Opinion: Local Politics Make me Sick

In Uncategorized on October 30, 2008 at 2:37 am

My friends always tell me how much “Mayfair sucks” and how “crappy looking it is.” Having lived in this neighborhood of Northeast Philadelphia for the first twenty-one years of my life, I was proud of the area, especially since I lived right at the heart of it, behind the Mayfair Diner on Frankford Avenue. It was at this diner where I met President Bill Clinton in 1996, during his second run for President. This shows how important Mayfair truly is.

Unfortunately, last year, I had to make the move away from my beloved neighborhood and into Montgomery County with my parents. Still, this did not stop me from going back to Mayfair to ask about people’s political views. With the upcoming historic election, I wanted to understand how people in my old neighborhood thought about what they wanted to happen this November. Little did I know that, while I have no political affiliation, what I would hear and also what I would read about would upset me dearly.

According to a September 3, 2008 article by Catherine Lucey of the Philadelphia Daily News entitled “N.E. Phila: Key to McCain Pa. Victory?”, Mayfair is “…a white working-class neighborhood of attached brick houses and modest commercial strips in Northeast Philadelphia, where Republicans aren’t an endangered species, Democrats can swing any which way and Obama has his work cut out for him.” This is somewhat inaccurate as, year by year, white people move out and a minority moves in. For example, an immigrant Asian family bought my old house.

After going back to Mayfair and hearing some of the things I did, I agree that Obama has his work cut out for him. When I heard that Sen. Joe Biden would be visiting another local diner right next to Mayfair, I knew I had to go eat there that day. What I heard about and what Dave Davies of the Daily News reported made me sick. Eighty-nine year old Carolyn Bauer was quoted as saying (to Biden), “I told him I’m not going to vote for him… Anybody who runs with a guy with a name like that is not going to get my vote. It’d be disgusting to get a man named Barack Obama as president of the United States. No way. I mean it . . . I’m going to vote for McCain and the lady.”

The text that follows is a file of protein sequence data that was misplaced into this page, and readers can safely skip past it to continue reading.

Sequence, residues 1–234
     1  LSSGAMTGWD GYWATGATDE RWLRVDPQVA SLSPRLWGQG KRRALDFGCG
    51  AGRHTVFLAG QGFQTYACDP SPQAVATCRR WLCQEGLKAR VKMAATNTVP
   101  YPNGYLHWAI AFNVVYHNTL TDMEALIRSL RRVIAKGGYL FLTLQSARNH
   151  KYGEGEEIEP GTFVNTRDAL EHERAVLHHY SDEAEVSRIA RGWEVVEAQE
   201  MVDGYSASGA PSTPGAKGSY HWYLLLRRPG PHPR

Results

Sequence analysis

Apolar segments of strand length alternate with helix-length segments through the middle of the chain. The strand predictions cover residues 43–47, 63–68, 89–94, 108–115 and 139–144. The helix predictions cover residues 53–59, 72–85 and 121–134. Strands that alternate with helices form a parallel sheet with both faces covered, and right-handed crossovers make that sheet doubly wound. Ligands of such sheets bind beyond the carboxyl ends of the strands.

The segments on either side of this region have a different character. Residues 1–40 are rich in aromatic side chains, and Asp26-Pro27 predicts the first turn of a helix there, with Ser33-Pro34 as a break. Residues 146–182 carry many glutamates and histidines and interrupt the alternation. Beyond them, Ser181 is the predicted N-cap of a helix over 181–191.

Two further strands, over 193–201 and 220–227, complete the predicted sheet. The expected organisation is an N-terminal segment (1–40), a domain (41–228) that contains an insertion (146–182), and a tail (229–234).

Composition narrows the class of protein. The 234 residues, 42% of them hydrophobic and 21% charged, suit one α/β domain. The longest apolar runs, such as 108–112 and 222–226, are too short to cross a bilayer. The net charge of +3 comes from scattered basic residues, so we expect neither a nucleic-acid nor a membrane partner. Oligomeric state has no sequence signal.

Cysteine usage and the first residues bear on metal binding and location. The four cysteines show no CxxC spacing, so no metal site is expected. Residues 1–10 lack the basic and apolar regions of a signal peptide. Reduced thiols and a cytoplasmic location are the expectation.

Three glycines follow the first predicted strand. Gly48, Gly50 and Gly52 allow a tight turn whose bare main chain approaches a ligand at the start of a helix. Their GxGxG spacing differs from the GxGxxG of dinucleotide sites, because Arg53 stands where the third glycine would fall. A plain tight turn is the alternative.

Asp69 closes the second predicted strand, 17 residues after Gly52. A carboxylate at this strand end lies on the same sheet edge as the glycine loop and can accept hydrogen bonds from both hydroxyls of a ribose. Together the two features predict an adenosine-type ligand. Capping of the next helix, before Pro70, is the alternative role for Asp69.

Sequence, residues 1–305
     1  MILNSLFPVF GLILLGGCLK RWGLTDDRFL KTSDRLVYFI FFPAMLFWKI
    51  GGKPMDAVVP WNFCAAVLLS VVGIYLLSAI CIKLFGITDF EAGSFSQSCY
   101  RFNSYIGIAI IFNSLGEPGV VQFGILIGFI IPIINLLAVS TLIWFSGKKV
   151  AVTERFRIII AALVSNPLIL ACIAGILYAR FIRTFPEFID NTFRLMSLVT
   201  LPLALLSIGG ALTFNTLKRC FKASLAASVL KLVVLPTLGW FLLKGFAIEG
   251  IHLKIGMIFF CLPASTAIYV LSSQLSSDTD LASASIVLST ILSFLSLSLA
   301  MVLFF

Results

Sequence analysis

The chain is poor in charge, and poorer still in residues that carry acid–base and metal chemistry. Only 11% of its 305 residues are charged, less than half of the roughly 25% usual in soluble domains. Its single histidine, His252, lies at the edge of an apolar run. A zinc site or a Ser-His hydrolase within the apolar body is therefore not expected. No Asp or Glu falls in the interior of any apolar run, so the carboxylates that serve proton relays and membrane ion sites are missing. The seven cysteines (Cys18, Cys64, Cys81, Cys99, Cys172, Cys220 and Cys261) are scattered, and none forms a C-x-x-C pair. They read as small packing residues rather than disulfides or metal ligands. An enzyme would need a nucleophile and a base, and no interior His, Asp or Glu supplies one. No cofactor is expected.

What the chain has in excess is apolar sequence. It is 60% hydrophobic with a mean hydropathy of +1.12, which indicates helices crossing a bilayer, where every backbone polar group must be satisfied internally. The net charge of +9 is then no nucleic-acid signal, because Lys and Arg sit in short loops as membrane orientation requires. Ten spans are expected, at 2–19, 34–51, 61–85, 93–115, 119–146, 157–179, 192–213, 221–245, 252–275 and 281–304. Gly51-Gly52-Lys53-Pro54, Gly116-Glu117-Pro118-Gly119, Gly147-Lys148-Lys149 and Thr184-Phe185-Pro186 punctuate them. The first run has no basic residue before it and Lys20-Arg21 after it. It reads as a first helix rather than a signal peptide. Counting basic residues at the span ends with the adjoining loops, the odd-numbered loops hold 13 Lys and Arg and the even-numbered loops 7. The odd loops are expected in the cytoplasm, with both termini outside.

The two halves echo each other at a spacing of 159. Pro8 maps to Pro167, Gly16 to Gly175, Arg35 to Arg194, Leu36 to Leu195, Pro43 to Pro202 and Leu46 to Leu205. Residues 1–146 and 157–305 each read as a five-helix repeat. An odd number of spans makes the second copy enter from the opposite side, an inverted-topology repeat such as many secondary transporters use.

Those last two words are the ones that make me laugh and cry at the same time. Mrs. Bauer does not even know the name of the Republican vice presidential candidate. This does not make me very proud of the old neighborhood. Should Ms. Bauer even be allowed to vote? Clearly she does not know what she is talking about.

With regards to how well McCain will do, political analyst Larry Ceisler stated on, “I think McCain will do well up there… The problem in some of these places, Obama’s message is change, and people in these places don’t want a change.” This makes Mayfair sound way too old fashioned for my liking.

In a quick question and answer session with Bridget McGeehan, a former schoolmate of mine and niece of Pennsylvania State Representative Mike McGeehan (who fights for Mayfair as well as its surrounding areas), I tried to get a youthful approach to things to balance out the elderly Ms. Bauer: “I am too busy to concern myself with who will win. It’s not like my vote even matters. It would be irresponsible of me to even vote, because I would probably just vote for Obama because of his skin color, just to have something different.”

Obviously my generation seems to be lacking the right state of mind in order to give a solid response. Once again, my beloved Mayfair has come off like a slum of the city. In another non-answer in Lucey’s article, Democrat George Scaricamazza stated, “I’m voting for McCain because Obama is all b.s…. He’s not qualified for nothing.” Also according to her article, Annette Blumenthal, of Pennypack (an area/park in and around Mayfair and all over the Northeast), decided to support McCain because of the race issue, “He’s a smart guy, he’s looks very educated, he has a beautiful wife… I just think the world’s not ready for a black president.”

It is quotes like these that make me a bit ashamed to have come from Mayfair. When Obama came to visit the Mayfair Diner on October 11, the crowd was predominately black and other minorities. If Paris Hilton was running against Obama, would people vote for her because she is white?

Most of the people quoted were of a much older age. They truly represent that Mayfair is old fashioned-I just never knew it before. Perhaps the people in the 55 and older community I reside in now will have a different view on the issues of race, sex, and other topics come November, when it is time to actually vote.


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